My First Trip to London as an American Student

From the time I was eight, I loved everything English and couldn’t wait to travel to the United Kingdom. My first trip to London didn’t come until August, 1975, when, as a college student, I traveled there after a month of studying in France. I had the good fortune of staying for five days at the flat [British for “apartment”] of a professor from my college and his family, who were on a research term abroad. The flat was in Pimlico, an affluent London neighborhood. And my other good fortune was to have made many English friends while studying previously in France. When I was there, I had locals to show me around.

My friends showed me the usual tourist sites — Buckingham Palace, Big Ben, the Tower of London, Westminster Abbey, Picadilly Circus, Carnaby Street, and Trafalgar Square. Seeing these historic buildings in person was a big thrill. We also went for typical tea and scones and, of course, fish and chips. We took buses and the London Underground, also known as “The Tube”. Of course I compared the efficient and clean Underground to the New York City subway, which, in 1975, was dangerous, noisy, and dirty. Passengers in London seemed so polite. Even during the busiest and most crowded times, there was no pushing or shoving. Londoners form an orderly “queue” [line] for everything.

Once I saw most of the historic buildings and the area around the Thames River, two of my friends invited me to dinner at their family homes. This was special because I got to see family life in London, and eat home-cooked meals. And after dinner we went for ale at their own favorite pubs. The neighborhood pub is an institution. It is like our American sports bar. The cricket or football [“soccer” in America] match is always on the “telly” and usually the neighborhood comes to watch together and socialize. The pub patrons and “barkeeps” are like an extended family.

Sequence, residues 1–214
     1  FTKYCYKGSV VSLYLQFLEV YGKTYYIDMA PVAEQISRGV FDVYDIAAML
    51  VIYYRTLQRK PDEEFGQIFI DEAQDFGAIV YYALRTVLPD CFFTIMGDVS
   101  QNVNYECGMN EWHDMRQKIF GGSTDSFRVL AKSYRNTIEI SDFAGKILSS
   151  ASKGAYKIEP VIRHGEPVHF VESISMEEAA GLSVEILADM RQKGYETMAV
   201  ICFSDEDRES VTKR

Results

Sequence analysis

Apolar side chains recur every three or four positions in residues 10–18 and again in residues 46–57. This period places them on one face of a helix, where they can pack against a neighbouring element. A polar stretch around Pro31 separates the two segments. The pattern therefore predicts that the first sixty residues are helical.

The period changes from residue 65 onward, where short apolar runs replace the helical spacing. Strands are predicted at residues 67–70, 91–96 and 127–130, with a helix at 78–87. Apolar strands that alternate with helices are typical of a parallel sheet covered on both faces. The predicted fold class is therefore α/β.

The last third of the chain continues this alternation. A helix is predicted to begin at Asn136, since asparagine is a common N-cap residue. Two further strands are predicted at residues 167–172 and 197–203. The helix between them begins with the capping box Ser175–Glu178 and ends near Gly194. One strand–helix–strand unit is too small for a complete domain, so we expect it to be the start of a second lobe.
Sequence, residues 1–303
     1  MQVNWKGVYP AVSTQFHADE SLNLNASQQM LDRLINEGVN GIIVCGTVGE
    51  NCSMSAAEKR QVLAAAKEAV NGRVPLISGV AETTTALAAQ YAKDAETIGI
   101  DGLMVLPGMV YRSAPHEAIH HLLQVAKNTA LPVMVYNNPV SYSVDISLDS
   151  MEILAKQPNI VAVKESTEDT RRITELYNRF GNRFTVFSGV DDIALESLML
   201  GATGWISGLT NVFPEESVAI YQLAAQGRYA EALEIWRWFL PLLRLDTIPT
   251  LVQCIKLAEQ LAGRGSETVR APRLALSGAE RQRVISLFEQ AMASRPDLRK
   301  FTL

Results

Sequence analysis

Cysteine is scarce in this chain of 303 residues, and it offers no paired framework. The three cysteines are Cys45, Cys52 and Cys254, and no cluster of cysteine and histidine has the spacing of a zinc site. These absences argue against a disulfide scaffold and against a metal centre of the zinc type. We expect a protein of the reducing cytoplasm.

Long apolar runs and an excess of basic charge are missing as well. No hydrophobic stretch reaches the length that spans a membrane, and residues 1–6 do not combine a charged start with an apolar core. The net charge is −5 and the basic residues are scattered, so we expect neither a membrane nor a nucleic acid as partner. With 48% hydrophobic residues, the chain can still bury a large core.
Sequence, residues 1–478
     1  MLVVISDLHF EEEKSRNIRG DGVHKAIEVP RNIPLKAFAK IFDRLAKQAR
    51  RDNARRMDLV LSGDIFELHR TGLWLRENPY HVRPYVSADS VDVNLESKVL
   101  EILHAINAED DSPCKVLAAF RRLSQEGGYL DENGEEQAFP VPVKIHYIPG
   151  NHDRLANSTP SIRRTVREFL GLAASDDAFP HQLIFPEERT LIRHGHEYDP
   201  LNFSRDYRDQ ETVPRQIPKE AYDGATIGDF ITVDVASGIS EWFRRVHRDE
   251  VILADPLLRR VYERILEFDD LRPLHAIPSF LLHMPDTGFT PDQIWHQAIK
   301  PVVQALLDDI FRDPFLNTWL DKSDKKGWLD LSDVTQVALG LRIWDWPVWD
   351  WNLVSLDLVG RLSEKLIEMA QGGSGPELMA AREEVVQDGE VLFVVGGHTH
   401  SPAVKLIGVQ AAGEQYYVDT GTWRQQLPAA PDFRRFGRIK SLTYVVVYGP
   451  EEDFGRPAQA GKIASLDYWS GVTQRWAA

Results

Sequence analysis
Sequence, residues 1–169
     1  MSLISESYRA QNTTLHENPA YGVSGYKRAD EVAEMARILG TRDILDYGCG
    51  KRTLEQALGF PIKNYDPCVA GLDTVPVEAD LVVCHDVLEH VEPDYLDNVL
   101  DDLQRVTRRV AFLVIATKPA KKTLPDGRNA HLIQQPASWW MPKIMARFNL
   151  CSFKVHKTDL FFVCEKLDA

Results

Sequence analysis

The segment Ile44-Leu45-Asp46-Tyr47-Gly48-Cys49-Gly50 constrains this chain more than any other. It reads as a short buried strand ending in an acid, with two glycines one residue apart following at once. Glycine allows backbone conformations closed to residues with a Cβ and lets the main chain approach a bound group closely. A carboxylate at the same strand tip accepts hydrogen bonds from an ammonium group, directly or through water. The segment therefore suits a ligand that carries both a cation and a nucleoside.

As it turned out, I was to return to London and travel all through Great Britain about a dozen times over the next twenty years after that first trip. London remains a wonderful city to visit. English food, once bland and fried, has really changed. London now has world-class restaurants serving cuisine from every world culture, cooked by internationally-renowned chefs. It is one of the most cosmopolitan and cultured cities, with great museums, affordable theater, and beautiful gardens and parks. And the people speak English, although a glossary of differences in vocabulary, is helpful.

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